Originally Posted by brandogg
Right, rooting would never cause your solder joints to break - but it still voids your warranty, regardless of what happens afterwards. Just like if back in the day if you modded your Xbox 360, but later got the RRoD, you're SOL because you voided your warranty, even though it's a hardware flaw that caused the RRoD (or if you get banned from Xbox Live and your warranty voided, without getting the RRoD) and completely unrelated to anything done by the user. The software on your phone is warrantied just like the hardware, and if you modify either part, you (typically) void your warranty. I don't get why this is even an issue. I get that some things are not black and white, but when it comes to a warranty, and something is explicitly stated will void yours, then it's pretty cut and dry.
I realize this thread is dead. However, I just had to chime in here. In the United States, rooting absolutely, positively, does not void your warranty. Your phone does not come with a software warranty. The software is provided as-is and without warranty, expressed or implied. Software warranties are usually relegated to enterprise and are irrelevant to this discussion. Physically opening an Xbox and running a program as root are not comparable. The previous poster (I7777) was correct. Warrantors (manufactures providing a warranty) cannot set whatever terms they choose for providing warranty service. If HTC sent you a document stating that you understand that any unauthorized software modifications void your warranty and you signed it, rooting your phone still wouldn't void your warranty. Warrantors have to comply with the Magnuson-Moss Warranty Act enacted in 1975. One of the requirements for Warrantors was described by I7777. Manufactures have to prove that your actions caused the defect in order to deny you warranty repair or replacement. There's a reason why HTCDEV unlock states that "unlocking your bootloader may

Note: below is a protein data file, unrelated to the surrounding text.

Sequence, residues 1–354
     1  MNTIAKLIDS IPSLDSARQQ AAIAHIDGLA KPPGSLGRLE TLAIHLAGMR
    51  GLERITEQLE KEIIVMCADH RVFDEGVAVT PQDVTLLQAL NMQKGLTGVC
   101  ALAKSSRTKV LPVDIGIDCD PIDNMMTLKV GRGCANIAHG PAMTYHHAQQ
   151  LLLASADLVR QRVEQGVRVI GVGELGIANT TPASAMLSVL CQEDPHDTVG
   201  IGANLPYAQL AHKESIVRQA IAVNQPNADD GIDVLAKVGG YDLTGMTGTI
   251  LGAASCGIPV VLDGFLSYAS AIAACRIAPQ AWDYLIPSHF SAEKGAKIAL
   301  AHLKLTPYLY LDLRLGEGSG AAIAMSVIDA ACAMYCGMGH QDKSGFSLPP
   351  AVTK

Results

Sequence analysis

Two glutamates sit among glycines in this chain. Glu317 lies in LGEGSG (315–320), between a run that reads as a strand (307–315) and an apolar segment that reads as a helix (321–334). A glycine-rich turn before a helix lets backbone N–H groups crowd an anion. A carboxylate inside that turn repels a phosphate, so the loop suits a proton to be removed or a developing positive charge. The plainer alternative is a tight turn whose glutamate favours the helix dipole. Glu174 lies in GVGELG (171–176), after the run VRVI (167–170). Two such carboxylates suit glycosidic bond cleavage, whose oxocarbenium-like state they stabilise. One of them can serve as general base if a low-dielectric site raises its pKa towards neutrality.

void your warranty". If it did unequivocally void your warranty I assure you, they would say so. I don't understand why this warranty misconception exist with phones to the extent that it does. Nobody would ever suggest that you risk voiding the warranty on your PC by running a program or operation that requires administrative privileges.
A video that XDA did regarding rooting, your warranty, and the Magnuson-Moss Warranty Act: